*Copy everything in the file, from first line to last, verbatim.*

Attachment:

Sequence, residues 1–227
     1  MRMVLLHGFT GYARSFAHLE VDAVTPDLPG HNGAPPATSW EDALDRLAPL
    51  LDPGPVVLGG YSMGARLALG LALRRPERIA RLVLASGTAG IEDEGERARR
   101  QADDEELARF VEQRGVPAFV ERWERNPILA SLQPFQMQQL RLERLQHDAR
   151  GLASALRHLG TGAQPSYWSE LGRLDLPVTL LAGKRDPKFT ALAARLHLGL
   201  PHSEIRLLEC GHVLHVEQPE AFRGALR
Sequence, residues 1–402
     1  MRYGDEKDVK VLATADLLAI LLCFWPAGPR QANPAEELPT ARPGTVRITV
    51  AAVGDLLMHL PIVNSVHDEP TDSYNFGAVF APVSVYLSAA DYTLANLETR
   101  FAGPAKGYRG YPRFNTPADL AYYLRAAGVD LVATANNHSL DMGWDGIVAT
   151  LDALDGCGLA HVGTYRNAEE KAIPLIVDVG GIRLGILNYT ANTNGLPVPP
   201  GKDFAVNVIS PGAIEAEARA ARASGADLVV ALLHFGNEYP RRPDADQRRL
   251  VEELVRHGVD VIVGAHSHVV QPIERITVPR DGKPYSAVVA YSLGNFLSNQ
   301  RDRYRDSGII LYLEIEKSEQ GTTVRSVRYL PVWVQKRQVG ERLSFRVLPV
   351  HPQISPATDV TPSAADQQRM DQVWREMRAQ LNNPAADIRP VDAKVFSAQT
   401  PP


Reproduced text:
Sequence, residues 1–227
     1  MRMVLLHGFT GYARSFAHLE VDAVTPDLPG HNGAPPATSW EDALDRLAPL
    51  LDPGPVVLGG YSMGARLALG LALRRPERIA RLVLASGTAG IEDEGERARR
   101  QADDEELARF VEQRGVPAFV ERWERNPILA SLQPFQMQQL RLERLQHDAR
   151  GLASALRHLG TGAQPSYWSE LGRLDLPVTL LAGKRDPKFT ALAARLHLGL
   201  PHSEIRLLEC GHVLHVEQPE AFRGALR
Sequence, residues 1–402
     1  MRYGDEKDVK VLATADLLAI LLCFWPAGPR QANPAEELPT ARPGTVRITV
    51  AAVGDLLMHL PIVNSVHDEP TDSYNFGAVF APVSVYLSAA DYTLANLETR
   101  FAGPAKGYRG YPRFNTPADL AYYLRAAGVD LVATANNHSL DMGWDGIVAT
   151  LDALDGCGLA HVGTYRNAEE KAIPLIVDVG GIRLGILNYT ANTNGLPVPP
   201  GKDFAVNVIS PGAIEAEARA ARASGADLVV ALLHFGNEYP RRPDADQRRL
   251  VEELVRHGVD VIVGAHSHVV QPIERITVPR DGKPYSAVVA YSLGNFLSNQ
   301  RDRYRDSGII LYLEIEKSEQ GTTVRSVRYL PVWVQKRQVG ERLSFRVLPV
   351  HPQISPATDV TPSAADQQRM DQVWREMRAQ LNNPAADIRP VDAKVFSAQT
   401  PP